ECB provides confidentiality, but not integrity or authentication, when the message length is always exactly one block and messages will never be repeated with the same key. These circumstances are rare but not unheard of. For instance, in a protocol intended to be used under steganography, you want every bit of the ciphertext to be indistinguishable from randomness; one way to achieve this is to use a normal authenticated mode for the message proper, but then encrypt the IV with a second key, in ECB mode. You can fix the length of the IV to be the underlying cipher's block size, IVs shouldn't ever be repeated anyway, and integrity and authentication are not needed because the message proper will fail to decrypt if the IV has been tampered with. Doing this without giving the adversary any sort of oracle to work with adds a few complications, but that's the basic idea.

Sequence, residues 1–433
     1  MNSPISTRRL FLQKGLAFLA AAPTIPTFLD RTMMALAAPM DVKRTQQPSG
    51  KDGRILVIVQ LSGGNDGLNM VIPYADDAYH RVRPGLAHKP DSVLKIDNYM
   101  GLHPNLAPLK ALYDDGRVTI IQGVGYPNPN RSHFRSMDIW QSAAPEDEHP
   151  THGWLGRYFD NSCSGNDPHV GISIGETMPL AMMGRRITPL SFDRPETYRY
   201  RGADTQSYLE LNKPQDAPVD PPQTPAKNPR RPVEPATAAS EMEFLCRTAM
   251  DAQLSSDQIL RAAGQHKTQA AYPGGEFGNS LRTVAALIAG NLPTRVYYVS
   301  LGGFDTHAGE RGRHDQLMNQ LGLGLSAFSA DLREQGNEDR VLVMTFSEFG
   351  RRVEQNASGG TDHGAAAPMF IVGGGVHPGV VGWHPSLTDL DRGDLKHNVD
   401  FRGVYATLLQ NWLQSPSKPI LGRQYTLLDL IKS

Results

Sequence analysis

However, because you are always encrypting one-block messages with the second key in this scenario, it's equally accurate to say that you are not using any operation mode; you're just using the block cipher. And to avoid people seeing "ECB mode" and jumping to the conclusion that your protocol is garbage, that is how I would recommend writing it up.
(The second paragraph of this answer is paraphrased from something Dan Boneh told me about six years ago.)